US 20040185235 A1
A thermally shrinkable pressure sensitive label has mutually perpendicular dimensions and comprises a composite of multiple layers. The shrink characteristics of the label are governed by a film component of the composite that is dimensionally stable at temperatures below an onset temperature, and that is thermally shrinkable when heated to temperatures at or above the onset temperature. Shrinkage caused by heating is greater in one as compared to the other of the mutually perpendicular dimensions.
1. A thermally shrinkable pressure sensitive label having multiple layers and first and second dimensions measured in mutually perpendicular directions, said label comprising:
a polymeric film comprising one of said layers, said film being dimensionally stable at temperatures below an onset temperature and being thermally shrinkable when heated to temperatures at or above said onset temperature, with shrinkage caused by said heating being greater in one of said directions than in the other of said directions;
indicia interposed between adjacent layers of said label, said indicia being visible through a top surface layer of said label; and
a pressure sensitive adhesive defining the bottom surface of said label and comprising another of said layers.
2. The label of
3. The label of
4. The label of
5. The label of
6. The label of
7. The label of
8. The label as claimed in
9. The label as claimed in
10. The label of
11. The label of
12. The label of claims 10 or 11 wherein said indicia is covered by a transparent second film adhered to said indicia by a second layer of pressure sensitive adhesive.
13. The label of
14. The label of
15. The label of
16. The label of
17. The label of
18. The label of
19. The label according to any one of claims 16-18 wherein said film comprises the top layer of said label.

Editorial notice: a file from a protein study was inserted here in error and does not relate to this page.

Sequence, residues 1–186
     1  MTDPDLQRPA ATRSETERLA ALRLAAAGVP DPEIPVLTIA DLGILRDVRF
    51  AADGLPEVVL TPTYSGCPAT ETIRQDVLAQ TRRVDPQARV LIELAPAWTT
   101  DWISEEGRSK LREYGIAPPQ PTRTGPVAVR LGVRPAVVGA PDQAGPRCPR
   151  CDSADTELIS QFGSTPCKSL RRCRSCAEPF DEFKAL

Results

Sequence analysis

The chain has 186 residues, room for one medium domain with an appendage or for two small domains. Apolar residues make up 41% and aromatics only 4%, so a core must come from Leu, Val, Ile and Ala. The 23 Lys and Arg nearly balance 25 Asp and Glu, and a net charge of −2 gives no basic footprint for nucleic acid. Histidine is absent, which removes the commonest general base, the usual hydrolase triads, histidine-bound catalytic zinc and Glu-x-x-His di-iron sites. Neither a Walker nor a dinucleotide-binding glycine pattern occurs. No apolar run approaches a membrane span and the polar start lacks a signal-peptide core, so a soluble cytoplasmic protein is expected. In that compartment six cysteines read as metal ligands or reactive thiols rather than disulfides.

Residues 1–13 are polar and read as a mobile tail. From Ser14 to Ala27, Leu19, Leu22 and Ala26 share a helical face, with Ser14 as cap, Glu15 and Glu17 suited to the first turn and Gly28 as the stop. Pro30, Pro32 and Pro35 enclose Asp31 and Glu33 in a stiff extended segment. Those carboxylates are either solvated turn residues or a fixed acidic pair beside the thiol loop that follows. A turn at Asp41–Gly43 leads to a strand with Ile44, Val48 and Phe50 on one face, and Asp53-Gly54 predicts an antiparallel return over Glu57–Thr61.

20. The label of
21. A thermally shrinkable pressure sensitive label having mutually perpendicular dimensions and comprising a composite of multiple layers, the shrink characteristics of said label being governed by a film component of said composite, said film component being dimensionally stable at temperatures below an onset temperature, and being thermally shrinkable when heated to temperatures at or above said temperature, with shrinkage caused by said heating being greater in one of said dimensions than in the other of said dimensions.
 With reference additionally to FIGS. 5 and 6, a label in accordance with one embodiment of the present invention is generally designated at 26. The label 26 has “A” and “B” dimensions, and comprises a composite multilayer construction including a polymeric base film 28, a first pressure sensitive adhesive 30 for adhering the label structure to a battery substrate, indicia 32 applied to the top surface of the base film, and a transparent polymeric top film 34 overlying and adhered to the base film 28 by a transparent second adhesive 36. A liner 38 protects the adhesive 30 and is removed prior to application of the label to the battery substrate.
 The base film 28 is preferably a polystyrene film, product designation No. 120 PFBX LMOPS supplied by Plastic Suppliers of Columbus, Ohio. Film 28 has an onset shrinkage temperature of about 75° C., with shrinkage occurring primarily in the “B” dimension. The thickness of film 28 can range from 0.01 to 0.05 mm, with thicknesses of between about 0.02 to 0.04 mm being preferable, with the most preferred thicknesses being about 0.03 mm.
 In comparison to conventional polyvinylchloride films, polystyrene films have relatively low residual shrink forces after they undergo primary shrinkage during the label application process. Lower residual shrink forces in turn make it possible to select the base film adhesive 30 from a wider range of candidates, including lower performance and/or more economical adhesives.
 The stiffness of film 28 in the “B” dimension (measured in accordance with TAPPI Paper Standard #T498 as modified in FLEXcon test method #203 test F17 for use with film substrates) is preferably between about 1 to 20 grams, with stiffnesses of 2 to 10 grams being most preferable.
 Film 28 can be clear metalized or colored. The adhesive 30 is preferably an acrylic pressure sensitive adhesive, one example being product designation A-173, supplied by FLEXcon Company, Inc. of Spencer Mass. (“FLEXcon”).
 The top film 34 may be selected from the group consisting of polyvinylchloride, polyester, polypropylene, or polystyrene and its thickness will preferably be less than that of the base film 28. The top film may either be unidirectionaly or bidirectionally shrinkable, and may either be extruded separately for subsequent application by the adhesive 36, or coated directly onto the film 28 and imprint 32. Preferably, however, the top film and base film are selected from the same polymer type in order to provide reasonably balanced shrink properties in the label composite and thereby allow for increased resistance to seam opening and “dog ears”.